ProCharger Superchargers Techical Insight - Insider

Jim Summers and Cary Pangrac of ProCharger explain how to make serious supercharged power

Stephen Kim Mar 1, 2009 0 Comment(s)
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Carb Prep
Preparing carburetors for use in a blow-through application typically involves few, if any, modifications. Among those needing no modifications are Holley's HP-series carburetors, which are designed with no choke assembly and are generally equipped with Nitrophyl floats. For standard double-pumper carburetors, the choke assembly should be removed to provide optimal airflow and performance when used with a carburetor bonnet. Additionally, the brass floats--which will collapse under boost--must be replaced with Nitrophyl floats. With only a few modifications and proper jetting, Holley double-pumpers will typically flow enough fuel to support roughly 1 hp per 1 rated cfm of airflow. Single-carburetor applications exceeding 1 hp per 1 rated cfm may require additional modifications such as resizing main wells and power valve restrictions, changing boosters, and emulsion circuit recalibration. Generally when modifications like this are needed, we send people to a reputable blow-through carburetor builder like The Carb Shop.--Cary Pangrac

To maximize power and reliability in a supercharged engine, intercooling is imperative. That's why we include intercoolers as standard equipment in nearly all our blower kits. It helps to understand that no supercharger alone will ever begin to match the system efficiency of an intercooled supercharger system. This is simply because compressing air creates heat, as dictated by the laws of physics in Boyle's Gas Law. Cooling down that air allows for higher boost levels and safer power production. Since intercooling removes heat, increases air/fuel density, and allows the use of factory ignition timing, a well-designed intercooled supercharger system will produce far larger power gains than a non-intercooled supercharger system, especially for fuel-injected motors running pump gas. ProCharger manufactures both air-to-air intercooler systems for street/strip use and air-to-water intercooler systems for racing only. For automotive street applications, air-to-air technology is easy to install, highly effective, and extremely reliable since it has no moving parts and requires no maintenance. Air-to-water intercooler systems, on the other hand, are much more difficult to install because they contain an intercooler, a water tank, a pump, and a separate radiator to cool the water. Probably the biggest drawback to air-to-water intercoolers on the street is that they require ice to match the efficiency of air-to-air units. Additionally, the requirement of ice and the possibility of pump failure or leakage mean that air-to-water is also inherently less reliable. For race-only applications, air-to-water works well since adding ice at the track prior to each run is not hard to do. The other issues are the same as listed above for street applications, and efficiency will be comparable with the use of ice.--Jim Summers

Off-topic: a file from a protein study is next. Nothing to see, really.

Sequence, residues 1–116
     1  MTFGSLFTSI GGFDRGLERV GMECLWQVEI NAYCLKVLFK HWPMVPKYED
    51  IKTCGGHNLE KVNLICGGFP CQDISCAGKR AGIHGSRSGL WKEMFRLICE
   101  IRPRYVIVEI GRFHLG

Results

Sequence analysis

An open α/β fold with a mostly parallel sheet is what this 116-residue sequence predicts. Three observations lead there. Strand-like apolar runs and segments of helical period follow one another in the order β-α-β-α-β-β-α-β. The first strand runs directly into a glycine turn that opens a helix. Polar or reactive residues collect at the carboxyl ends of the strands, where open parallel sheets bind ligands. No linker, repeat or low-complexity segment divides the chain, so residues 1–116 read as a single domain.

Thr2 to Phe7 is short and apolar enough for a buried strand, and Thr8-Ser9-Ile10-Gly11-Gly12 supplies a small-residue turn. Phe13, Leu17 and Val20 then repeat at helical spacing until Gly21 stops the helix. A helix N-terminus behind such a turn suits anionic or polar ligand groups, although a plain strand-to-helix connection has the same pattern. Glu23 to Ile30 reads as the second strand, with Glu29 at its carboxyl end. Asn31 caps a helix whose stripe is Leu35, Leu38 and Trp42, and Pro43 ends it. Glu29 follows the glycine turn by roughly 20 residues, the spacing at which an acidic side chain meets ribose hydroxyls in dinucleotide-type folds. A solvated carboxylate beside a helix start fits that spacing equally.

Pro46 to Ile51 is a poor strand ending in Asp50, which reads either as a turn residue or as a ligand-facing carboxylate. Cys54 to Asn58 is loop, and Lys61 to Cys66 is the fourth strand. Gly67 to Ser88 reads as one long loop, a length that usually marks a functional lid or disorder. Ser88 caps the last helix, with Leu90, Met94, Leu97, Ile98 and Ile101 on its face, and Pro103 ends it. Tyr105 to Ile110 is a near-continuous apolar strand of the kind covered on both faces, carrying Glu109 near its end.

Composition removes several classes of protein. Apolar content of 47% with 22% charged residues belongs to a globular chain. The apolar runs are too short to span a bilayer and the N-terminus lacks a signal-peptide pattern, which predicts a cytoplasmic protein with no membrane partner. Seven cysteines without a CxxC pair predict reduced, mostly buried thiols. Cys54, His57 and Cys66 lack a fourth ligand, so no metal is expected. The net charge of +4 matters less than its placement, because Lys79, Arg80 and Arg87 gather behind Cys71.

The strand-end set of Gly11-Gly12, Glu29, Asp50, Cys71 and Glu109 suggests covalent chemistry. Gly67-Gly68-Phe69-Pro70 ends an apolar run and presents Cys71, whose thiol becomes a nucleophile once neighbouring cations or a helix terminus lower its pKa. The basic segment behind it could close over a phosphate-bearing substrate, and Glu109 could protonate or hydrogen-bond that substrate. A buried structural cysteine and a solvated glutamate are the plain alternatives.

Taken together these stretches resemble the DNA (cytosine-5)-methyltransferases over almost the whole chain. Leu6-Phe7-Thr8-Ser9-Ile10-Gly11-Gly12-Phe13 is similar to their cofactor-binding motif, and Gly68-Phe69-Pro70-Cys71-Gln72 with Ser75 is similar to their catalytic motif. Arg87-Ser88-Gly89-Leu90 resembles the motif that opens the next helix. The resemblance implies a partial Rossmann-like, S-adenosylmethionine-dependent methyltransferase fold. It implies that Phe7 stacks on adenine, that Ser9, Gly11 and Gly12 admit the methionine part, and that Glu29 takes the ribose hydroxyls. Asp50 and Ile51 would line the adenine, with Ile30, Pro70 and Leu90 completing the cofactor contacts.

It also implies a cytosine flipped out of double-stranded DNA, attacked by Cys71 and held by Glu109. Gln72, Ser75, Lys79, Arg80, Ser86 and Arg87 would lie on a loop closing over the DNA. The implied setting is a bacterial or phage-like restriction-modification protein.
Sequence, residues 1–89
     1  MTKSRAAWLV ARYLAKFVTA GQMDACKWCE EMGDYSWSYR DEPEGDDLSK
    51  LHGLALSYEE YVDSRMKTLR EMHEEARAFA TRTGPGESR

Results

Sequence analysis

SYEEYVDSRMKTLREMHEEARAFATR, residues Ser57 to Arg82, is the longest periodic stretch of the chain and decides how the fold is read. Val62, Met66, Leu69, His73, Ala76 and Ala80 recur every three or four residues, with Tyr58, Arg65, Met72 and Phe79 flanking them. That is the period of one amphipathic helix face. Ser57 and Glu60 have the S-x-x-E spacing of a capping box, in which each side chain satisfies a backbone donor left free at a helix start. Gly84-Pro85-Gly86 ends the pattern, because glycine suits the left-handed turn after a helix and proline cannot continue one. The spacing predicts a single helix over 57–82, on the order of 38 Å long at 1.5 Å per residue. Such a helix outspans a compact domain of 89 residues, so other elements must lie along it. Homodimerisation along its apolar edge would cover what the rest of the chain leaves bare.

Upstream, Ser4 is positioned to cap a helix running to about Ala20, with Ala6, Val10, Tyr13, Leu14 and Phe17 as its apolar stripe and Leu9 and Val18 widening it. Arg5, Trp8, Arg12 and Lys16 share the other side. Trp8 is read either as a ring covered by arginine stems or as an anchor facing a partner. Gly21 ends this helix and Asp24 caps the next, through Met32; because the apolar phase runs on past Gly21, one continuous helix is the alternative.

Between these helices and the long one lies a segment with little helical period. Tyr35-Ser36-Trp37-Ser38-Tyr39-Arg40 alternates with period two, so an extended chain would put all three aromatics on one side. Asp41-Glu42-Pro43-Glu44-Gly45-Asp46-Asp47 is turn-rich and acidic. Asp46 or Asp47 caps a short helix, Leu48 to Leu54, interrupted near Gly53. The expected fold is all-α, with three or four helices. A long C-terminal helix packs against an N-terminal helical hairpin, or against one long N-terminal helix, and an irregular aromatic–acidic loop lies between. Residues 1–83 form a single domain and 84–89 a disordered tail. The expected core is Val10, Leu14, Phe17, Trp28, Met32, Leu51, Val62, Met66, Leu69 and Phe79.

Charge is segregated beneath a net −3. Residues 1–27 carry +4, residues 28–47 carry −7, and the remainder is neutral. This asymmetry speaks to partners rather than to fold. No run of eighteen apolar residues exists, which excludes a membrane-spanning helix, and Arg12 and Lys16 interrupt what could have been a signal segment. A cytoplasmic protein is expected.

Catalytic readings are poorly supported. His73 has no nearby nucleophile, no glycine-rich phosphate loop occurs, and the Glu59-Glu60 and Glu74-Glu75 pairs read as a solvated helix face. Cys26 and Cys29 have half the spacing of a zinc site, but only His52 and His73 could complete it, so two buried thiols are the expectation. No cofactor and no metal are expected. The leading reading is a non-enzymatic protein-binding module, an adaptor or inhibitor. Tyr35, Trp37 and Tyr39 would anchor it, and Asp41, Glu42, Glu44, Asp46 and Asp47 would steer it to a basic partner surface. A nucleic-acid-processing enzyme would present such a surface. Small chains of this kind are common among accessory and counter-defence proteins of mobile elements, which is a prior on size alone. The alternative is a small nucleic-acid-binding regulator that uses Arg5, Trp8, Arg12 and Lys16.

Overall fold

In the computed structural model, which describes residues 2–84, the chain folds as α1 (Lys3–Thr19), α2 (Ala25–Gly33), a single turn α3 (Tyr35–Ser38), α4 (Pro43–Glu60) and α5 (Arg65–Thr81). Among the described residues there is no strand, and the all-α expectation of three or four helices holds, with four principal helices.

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Step-Up Ratio
Supercharged motors would run like dogs if blower impellers spun in proportion to engine rpm. Consequently, superchargers employ an internal step-up ratio, which is simply the number of times an impeller rotates for every revolution of the engine. "There's more to achieving a proper step-up ratio than simply shooting for maximum boost," Summers explains. "A proper step-up ratio allows the customer to use a larger diameter drive pulley for better belt wrap and more belt traction. A 4.10:1 step-up ratio is great for street and many strip cars. Our F-3A and F-3R race models have step-up ratios of 6.24:1 and 5.63:1, respectively."


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